|Field Museum scientist Tita Alvira in Papayacu talking about|
mammals with a local Wampis woman
Photo: R. Tsamarain
|Another myth is about the "mono blanco", Cebus albifrons or the White-fronted|
Capuchin monkey. The Awajún and Wampis believe this monkey can talk to
supernatural beings, kind of like an intermediary between the spirit world and them.
Photo: T. Alvira
|Woman singing traditional Awajun songs known as anen.|
Photo: M. Pariona
Although community members rely most on word-of-mouth to share information, they also have incorporated new technologies such as short wave radio and public telephones when they are available. Efficient communication is a key factor in how people organize across large distances. However, given that verbal forms dominate, we found that there is a lot of “miscommunication”, gossip, and rumor that is part of the information stream.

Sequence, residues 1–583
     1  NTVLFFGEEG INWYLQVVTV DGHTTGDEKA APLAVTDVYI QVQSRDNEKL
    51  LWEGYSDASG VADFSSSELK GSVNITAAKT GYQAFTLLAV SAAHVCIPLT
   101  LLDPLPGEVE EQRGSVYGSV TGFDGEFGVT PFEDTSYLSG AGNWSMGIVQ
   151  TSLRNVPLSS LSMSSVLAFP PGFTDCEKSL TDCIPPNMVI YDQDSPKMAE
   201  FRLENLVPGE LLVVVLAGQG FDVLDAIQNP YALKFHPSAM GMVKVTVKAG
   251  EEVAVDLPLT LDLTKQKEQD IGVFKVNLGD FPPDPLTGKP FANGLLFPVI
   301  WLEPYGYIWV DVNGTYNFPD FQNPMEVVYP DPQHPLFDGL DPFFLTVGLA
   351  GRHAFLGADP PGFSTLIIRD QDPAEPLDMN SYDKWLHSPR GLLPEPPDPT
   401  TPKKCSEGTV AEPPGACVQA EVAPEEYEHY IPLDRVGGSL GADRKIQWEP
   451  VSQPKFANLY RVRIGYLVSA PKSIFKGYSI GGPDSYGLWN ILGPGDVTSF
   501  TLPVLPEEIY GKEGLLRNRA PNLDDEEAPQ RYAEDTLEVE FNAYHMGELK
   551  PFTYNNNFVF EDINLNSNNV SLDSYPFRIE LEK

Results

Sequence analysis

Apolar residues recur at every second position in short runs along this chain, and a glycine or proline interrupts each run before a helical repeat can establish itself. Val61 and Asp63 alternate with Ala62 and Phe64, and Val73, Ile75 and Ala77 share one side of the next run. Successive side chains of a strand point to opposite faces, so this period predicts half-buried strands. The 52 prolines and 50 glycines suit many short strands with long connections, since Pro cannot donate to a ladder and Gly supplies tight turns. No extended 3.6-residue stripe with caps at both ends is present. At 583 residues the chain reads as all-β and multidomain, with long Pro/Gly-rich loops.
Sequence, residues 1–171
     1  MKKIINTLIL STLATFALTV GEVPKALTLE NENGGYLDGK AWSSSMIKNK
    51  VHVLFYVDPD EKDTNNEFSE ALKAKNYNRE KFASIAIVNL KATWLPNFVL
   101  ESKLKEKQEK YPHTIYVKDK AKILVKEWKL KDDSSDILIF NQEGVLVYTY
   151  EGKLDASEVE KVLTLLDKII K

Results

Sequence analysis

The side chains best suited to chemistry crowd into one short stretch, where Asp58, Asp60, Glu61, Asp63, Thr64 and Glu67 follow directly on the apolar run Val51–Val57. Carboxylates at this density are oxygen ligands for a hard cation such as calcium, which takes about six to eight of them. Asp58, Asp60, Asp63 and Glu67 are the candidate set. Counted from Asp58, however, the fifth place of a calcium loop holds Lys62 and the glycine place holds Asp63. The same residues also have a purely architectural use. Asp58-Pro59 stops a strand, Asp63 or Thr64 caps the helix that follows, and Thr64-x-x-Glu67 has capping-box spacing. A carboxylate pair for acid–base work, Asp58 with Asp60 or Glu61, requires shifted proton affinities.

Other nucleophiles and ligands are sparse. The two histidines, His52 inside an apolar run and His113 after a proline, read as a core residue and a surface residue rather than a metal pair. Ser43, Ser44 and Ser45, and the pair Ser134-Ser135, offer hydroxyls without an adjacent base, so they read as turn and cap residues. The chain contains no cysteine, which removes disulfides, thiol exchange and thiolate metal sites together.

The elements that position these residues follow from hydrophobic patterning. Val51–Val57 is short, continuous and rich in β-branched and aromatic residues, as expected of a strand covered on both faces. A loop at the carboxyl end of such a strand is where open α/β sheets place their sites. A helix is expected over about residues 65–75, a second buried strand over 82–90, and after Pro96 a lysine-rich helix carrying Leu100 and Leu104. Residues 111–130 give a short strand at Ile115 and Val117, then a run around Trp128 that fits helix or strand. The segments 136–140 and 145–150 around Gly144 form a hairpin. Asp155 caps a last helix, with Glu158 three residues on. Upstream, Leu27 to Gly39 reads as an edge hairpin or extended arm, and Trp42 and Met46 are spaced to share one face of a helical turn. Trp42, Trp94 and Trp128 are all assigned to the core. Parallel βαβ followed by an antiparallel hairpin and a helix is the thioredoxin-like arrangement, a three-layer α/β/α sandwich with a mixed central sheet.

|Carmen Pirucho, female leader of local indigenous |
federation, and master artisan.
Photo: T. Alvira
When we all got together at inventory’s end, August 2011, in Tarapoto, I finally got to hear what everyone else found, and as at other such moments in other inventories, I was left deeply moved at the awesome character of this landscape. To hear a region characterized in this way is really mind-expanding. It gives you in encapsulated form (every team only has five minutes) the almost incomprehensible power of nature--the processes that have shaped the Amazon over the millennia. We start with the geology—the birth of mountains, the flow of the rivers and the characteristics of the soil.
|Gustavo Tsamarain, one of the six local scientists on the rapid inventory.|
Photo: K. Swierck
|Children in Papayacu community spellbound by a map of|
important historical and cultural sites for the Wampis and Awajun.
Photo: A. Treneman